- A good day. Some days, diabetes cooperates. Some days, every blood sugar check is in range. Some days, bolus calculations for food are exact and insulin acts perfectly. Some days, there are no diabetes issues or problems or mishaps to report. Some days it really is that simple.
Final Thoughts on #DayOfDiabetes
I shared my first #dayofdiabetes because I wanted to see if I could commit to the experience. I encouraged fellow people with diabetes to try and document their own day. Before I contacted Tom Lee (@tmlfox) at Symplur, I never truly understood the reach and impact possible by all of these tweets. Thanks to Symplur, there are numbers behind the hashtag.
|Users who tweeted
|Tweets per user
|Impressions per hour
From the 276 users who engaged with #dayofdiabetes, and their 1,500 tweets, 2,586,570 impressions were made over the day that spanned from midnight Eastern Time to the following midnight Hawaii Time. Over 2.5 million opportunities to educate, inform, debunk myths, and invite others to interact with the diabetes community. The one number I can’t report on, however, is the number of people with diabetes who were inspired to become active members of the online community.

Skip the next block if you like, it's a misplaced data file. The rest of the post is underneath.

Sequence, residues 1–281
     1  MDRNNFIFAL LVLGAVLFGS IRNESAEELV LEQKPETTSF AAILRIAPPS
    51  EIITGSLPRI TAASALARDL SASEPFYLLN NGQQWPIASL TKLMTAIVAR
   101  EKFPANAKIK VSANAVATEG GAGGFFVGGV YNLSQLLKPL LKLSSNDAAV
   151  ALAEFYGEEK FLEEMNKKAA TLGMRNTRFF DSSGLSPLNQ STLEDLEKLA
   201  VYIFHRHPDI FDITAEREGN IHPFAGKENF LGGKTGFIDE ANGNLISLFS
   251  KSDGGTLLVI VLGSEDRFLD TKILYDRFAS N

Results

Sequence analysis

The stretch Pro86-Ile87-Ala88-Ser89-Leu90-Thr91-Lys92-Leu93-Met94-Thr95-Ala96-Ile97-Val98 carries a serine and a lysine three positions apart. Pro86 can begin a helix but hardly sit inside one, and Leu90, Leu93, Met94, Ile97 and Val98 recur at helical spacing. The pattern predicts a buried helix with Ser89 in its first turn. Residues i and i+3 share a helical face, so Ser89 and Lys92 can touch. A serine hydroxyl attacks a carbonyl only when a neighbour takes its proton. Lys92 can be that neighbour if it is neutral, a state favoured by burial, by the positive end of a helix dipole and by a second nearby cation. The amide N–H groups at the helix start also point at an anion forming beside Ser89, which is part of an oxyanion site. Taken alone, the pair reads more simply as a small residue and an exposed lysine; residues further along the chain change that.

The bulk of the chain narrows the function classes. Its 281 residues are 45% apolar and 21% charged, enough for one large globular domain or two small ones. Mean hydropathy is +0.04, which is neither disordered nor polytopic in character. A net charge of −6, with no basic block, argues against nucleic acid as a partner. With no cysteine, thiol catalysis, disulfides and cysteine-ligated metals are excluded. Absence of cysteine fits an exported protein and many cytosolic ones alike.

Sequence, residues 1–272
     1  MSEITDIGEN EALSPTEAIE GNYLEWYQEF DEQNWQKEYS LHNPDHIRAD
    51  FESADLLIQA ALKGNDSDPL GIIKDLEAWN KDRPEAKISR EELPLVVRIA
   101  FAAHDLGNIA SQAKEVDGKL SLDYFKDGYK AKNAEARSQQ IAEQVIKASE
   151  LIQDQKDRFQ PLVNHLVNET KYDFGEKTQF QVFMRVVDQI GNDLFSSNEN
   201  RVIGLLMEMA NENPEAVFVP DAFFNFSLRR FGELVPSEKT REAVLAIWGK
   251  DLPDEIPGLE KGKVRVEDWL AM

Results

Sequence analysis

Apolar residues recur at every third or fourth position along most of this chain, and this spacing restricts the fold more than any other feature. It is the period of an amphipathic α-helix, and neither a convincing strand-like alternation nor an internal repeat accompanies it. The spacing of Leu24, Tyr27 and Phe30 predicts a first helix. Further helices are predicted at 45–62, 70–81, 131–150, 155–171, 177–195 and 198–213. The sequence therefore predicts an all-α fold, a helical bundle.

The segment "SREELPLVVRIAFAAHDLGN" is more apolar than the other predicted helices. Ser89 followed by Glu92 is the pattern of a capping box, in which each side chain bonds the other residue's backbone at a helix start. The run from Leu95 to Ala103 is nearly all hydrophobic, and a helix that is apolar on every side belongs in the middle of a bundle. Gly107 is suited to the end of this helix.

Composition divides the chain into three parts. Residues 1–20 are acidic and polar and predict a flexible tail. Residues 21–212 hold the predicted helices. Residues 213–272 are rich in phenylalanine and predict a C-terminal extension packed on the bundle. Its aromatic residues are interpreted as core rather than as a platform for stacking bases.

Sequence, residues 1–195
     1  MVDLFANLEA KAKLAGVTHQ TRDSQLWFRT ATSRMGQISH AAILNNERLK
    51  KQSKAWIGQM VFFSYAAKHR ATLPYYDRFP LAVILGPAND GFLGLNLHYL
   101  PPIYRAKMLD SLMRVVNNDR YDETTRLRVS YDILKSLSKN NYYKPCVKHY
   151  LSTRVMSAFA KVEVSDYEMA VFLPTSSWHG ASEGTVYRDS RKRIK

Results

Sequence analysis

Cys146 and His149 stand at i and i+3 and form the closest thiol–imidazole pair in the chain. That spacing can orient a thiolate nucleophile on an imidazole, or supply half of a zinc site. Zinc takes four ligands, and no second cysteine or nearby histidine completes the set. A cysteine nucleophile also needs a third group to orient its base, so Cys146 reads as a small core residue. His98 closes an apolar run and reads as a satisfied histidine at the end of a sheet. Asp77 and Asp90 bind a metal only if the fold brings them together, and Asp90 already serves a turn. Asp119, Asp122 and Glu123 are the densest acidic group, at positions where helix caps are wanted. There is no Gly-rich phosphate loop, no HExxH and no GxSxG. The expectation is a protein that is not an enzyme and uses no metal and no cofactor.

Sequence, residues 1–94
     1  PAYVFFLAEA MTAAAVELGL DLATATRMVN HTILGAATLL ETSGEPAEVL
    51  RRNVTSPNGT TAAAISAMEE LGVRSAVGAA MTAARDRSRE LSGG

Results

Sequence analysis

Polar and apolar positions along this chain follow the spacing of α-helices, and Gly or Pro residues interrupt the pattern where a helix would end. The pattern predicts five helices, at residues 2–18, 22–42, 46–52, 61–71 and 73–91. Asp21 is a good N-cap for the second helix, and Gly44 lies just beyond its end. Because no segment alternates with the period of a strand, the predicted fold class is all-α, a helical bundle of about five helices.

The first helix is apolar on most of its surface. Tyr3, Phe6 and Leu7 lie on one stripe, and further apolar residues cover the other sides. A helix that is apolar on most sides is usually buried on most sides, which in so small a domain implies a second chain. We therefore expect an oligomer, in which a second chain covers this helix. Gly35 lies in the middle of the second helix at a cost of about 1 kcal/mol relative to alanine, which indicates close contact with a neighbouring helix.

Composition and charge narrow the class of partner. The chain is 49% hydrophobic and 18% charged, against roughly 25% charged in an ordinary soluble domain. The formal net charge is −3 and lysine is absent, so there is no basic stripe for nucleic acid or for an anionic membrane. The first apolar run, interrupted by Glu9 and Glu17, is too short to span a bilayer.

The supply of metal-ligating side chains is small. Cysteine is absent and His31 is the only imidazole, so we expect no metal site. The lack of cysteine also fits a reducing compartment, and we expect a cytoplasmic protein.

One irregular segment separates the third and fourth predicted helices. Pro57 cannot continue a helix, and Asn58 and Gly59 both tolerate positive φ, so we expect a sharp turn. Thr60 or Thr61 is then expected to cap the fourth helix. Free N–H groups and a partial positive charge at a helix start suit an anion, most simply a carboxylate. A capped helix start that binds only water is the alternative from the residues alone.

My hope is that of those 2.5 million impressions, at least one of them helped someone new find the motivation to improve their own diabetes management. I hope that at least one of those impressions turned a Twitter lurker, to a thought-leader within the diabetes community. I hope that at least one of those impressions helped someone with a loved one living with diabetes understand what we go through on a daily basis a little bit better.
Unfortunately, there isn’t a metric for personal growth resulting from Twitter interactions. Yet.